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Orioles' trade for pitcher fell through Wednesday, Dan Duquette says

Orioles executive vice president Dan Duquette.
Orioles executive vice president Dan Duquette. (Kenneth K. Lam, Baltimore Sun)

SAN DIEGO — As the lobby of the Manchester Grand Hyatt filled with uncommon buzz amidst a flurry of activity during baseball's winter meetings Wednesday, the Orioles remained quiet.

Orioles executive vice president Dan Duquette said he was on the verge of a trade for pitching help Wednesday, but the deal fell through.

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And now, as the meetings head into the final day, the Orioles face the possibility of coming home to Baltimore with nothing more than an anticipated selection in Thursday's Rule 5 draft.

It's much of the same for the Orioles, who barely have made a splash at the meetings over the past several years. But after the departures of outfielders Nelson Cruz and Nick Markakis and left-handed reliever Andrew Miller, the Orioles' lack of activity here in San Diego is more glaring.

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But Duquette also didn't do much at the meetings last year — waiting until spring training to sign Cruz and right-hander Ubaldo Jimenez — and the Orioles still won 96 games and the American League East in 2014.

So Duquette preached patience Wednesday, and he told fans not to expect the Orioles to sign any of the remaining available high-priced free agents.

"Keep in mind who the Orioles are," Duquette said. "We've got an established pitching staff. We've got a strong everyday lineup. We've got to fill a few holes. We're going to look at some options in the major league free-agent market and sign a couple players.

"We'll probably be active in the Rule 5 draft like we have been the last couple years. And we continue to build our team piece-by-piece. How we build our team is, we build it looking at all the options in the market, and we do it year-round."

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Duquette reiterated that the Orioles have stuck to a similar plan during his tenure.

"Very rarely do we sign a high-priced free agent," he said. "Last year, we signed Cruz and Jimenez. Cruz really worked out well to the club's benefit. We haven't gotten the kind of returns … in the Jimenez investment that we'd like. But there's a lot of other acquisitions we made where the players did well."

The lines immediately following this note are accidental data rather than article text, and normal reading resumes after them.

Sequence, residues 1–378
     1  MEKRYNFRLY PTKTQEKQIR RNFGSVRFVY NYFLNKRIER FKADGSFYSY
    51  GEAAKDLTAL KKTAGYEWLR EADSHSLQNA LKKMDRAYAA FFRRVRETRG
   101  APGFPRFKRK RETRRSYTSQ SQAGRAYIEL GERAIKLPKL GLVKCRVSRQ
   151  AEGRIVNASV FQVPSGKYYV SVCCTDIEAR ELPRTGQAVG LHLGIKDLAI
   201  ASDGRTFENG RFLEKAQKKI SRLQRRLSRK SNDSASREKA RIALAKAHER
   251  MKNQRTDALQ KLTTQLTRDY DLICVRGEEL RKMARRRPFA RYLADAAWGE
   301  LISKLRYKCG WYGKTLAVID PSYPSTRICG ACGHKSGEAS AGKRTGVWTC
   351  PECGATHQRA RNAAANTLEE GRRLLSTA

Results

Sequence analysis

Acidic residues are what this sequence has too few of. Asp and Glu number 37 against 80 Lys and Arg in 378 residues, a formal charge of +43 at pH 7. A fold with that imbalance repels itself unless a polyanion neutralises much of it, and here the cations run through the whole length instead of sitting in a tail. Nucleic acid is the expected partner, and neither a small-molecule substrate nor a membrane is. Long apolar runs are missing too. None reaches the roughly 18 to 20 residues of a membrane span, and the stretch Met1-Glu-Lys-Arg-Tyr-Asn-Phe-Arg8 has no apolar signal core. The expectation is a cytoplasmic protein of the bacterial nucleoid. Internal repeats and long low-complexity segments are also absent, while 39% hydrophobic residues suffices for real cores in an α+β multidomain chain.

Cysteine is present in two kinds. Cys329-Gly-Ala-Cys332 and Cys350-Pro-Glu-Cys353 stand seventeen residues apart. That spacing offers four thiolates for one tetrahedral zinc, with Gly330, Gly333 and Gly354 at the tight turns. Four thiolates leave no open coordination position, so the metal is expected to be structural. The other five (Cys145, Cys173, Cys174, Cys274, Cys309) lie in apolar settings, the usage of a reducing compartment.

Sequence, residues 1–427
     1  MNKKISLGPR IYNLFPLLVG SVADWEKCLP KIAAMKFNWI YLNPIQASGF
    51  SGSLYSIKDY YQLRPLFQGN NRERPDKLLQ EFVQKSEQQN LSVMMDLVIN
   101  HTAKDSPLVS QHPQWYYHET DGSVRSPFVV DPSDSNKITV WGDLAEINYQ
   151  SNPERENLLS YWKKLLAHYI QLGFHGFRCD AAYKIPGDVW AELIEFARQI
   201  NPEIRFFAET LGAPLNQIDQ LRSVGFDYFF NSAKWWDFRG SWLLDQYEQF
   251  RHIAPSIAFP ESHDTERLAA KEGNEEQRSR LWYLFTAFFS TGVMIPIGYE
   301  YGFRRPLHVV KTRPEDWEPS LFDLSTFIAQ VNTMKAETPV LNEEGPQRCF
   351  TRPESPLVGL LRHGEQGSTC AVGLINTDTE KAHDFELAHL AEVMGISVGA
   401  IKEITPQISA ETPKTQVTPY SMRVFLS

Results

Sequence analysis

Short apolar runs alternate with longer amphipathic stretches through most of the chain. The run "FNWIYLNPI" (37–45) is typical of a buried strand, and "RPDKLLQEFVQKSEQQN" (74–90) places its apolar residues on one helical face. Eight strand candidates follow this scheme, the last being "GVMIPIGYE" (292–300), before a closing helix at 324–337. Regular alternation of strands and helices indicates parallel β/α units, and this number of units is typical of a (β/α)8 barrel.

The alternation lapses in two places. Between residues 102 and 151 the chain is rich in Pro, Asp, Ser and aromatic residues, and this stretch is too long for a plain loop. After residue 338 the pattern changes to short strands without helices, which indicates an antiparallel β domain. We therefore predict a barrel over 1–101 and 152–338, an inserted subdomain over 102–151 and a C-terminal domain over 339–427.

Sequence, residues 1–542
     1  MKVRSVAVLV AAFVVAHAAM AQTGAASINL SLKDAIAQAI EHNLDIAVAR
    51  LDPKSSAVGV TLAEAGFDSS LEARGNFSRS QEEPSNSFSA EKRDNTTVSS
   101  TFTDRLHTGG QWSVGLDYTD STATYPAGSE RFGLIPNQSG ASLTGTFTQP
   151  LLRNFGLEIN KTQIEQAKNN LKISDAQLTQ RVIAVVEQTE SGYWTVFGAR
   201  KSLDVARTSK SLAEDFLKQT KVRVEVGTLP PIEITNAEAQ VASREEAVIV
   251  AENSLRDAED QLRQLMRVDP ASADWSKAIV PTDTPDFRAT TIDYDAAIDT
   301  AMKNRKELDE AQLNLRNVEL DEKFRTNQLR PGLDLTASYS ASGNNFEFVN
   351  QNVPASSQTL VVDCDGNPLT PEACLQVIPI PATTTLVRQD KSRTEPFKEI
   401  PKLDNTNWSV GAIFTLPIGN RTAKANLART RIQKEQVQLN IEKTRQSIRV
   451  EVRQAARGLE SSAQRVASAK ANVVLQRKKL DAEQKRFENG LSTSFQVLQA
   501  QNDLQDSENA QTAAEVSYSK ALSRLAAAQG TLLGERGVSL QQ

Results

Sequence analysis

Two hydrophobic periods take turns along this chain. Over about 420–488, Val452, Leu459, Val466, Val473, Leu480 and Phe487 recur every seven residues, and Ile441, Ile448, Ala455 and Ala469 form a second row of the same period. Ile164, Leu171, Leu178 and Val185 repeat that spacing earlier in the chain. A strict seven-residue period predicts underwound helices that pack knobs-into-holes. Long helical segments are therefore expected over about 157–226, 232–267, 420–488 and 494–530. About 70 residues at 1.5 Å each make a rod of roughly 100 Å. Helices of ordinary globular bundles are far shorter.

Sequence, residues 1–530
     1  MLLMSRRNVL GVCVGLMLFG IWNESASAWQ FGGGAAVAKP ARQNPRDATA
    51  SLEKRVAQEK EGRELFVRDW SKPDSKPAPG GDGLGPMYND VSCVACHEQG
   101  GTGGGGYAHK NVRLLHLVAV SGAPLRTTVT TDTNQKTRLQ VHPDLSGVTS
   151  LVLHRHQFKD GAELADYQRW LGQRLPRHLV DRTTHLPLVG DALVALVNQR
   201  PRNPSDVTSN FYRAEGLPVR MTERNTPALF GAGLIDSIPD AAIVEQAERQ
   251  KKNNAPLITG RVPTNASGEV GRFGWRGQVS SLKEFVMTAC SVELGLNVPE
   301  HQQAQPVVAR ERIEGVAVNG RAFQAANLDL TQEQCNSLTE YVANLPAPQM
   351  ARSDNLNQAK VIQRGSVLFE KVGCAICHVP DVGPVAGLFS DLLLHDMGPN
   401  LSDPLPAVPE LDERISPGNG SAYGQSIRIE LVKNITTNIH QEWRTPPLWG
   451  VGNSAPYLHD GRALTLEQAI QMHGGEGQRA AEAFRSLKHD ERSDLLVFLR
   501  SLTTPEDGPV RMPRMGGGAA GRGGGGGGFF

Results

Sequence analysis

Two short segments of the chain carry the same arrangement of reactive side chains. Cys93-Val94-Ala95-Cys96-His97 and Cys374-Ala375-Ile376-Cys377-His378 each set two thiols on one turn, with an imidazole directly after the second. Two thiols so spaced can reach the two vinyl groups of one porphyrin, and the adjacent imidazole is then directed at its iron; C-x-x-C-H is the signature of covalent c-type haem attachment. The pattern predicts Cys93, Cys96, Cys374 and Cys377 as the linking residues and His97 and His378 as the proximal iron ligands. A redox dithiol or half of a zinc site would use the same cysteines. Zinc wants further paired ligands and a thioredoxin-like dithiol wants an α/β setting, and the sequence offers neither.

"We're not about signing high-profile free agents. We're about bringing good players through the farm system. We're about making trades. We're about being active in the Rule 5 draft, signing international players. That's who we are."

Duquette said he still sees free-agent possibilities as the best way to fill his needs for outfield and bullpen depth, but the Orioles continue to receive the most trade interest in left-hander Wei-Yin Chen, according to multiple industry sources. Chen, who was 16-6 with a 3.54 ERA last season, will make a club-friendly $4.75 million in 2015 in his final year before free agency.

"That's not surprising. He had a great deal," Duquette said. "In fact, he's had three really good years. We like Chen, we like the work that he does, he's dependable, he's solid, left-handed, and we're glad we've got him for another year."

Despite the interest, Duquette once again said he's reluctant to deal starting pitching, especially Chen.

"We like Chen on our team," Duquette said. "I expect that he's going to continue with our team. He's solid, and the club got a good deal for the option year. He's happy here. He's performed. Obviously, we like him. It doesn't surprise me that the other clubs like him because he's a solid, dependable starting pitcher, and left-handed."

Still, Chen's days with the Orioles could be limited.

Chen's agent, Scott Boras, said earlier Wednesday that the Orioles haven't approached him about a possible contract extension and added that Chen is "going to have great free-agent value come next year this time."

"Oh, is that how Scott works?" Duquette said, referring to Boras' trend of letting his players go to free agency. "Does he usually sign his players to extension contracts the year they go to the free-agent market? Interesting."

Asked about the possibility of dealing Jimenez, who has three years remaining on a four-year, $50 million deal, Duquette said: "I think probably the best things we can do is get him to throw strikes more consistently and that would be good for everybody."

Duquette said the Orioles had the "foundation" of a trade to acquire a pitcher in place Wednesday, but it didn't pan out.

The Orioles are looking for bullpen help, and the flurry of free-agent deals for relief pitchers this week — including right-handers Luke Gregerson and Pat Neshek to the Houston Astros on Wednesday — has created new trade opportunities.

"We were mostly following up with trades from previous discussions, but we did have a couple of new discussions," Duquette said. "When there's players moving around, other players become available.

"So with some certain player signings, players became available that are not offered in the trade market that weren't previously before on the market. A couple of new things today to consider."

Still, although the Orioles went into Wednesday night with nothing imminent, Duquette was optimistic.

"You never know, but we're still working on a couple of different fronts," he said.

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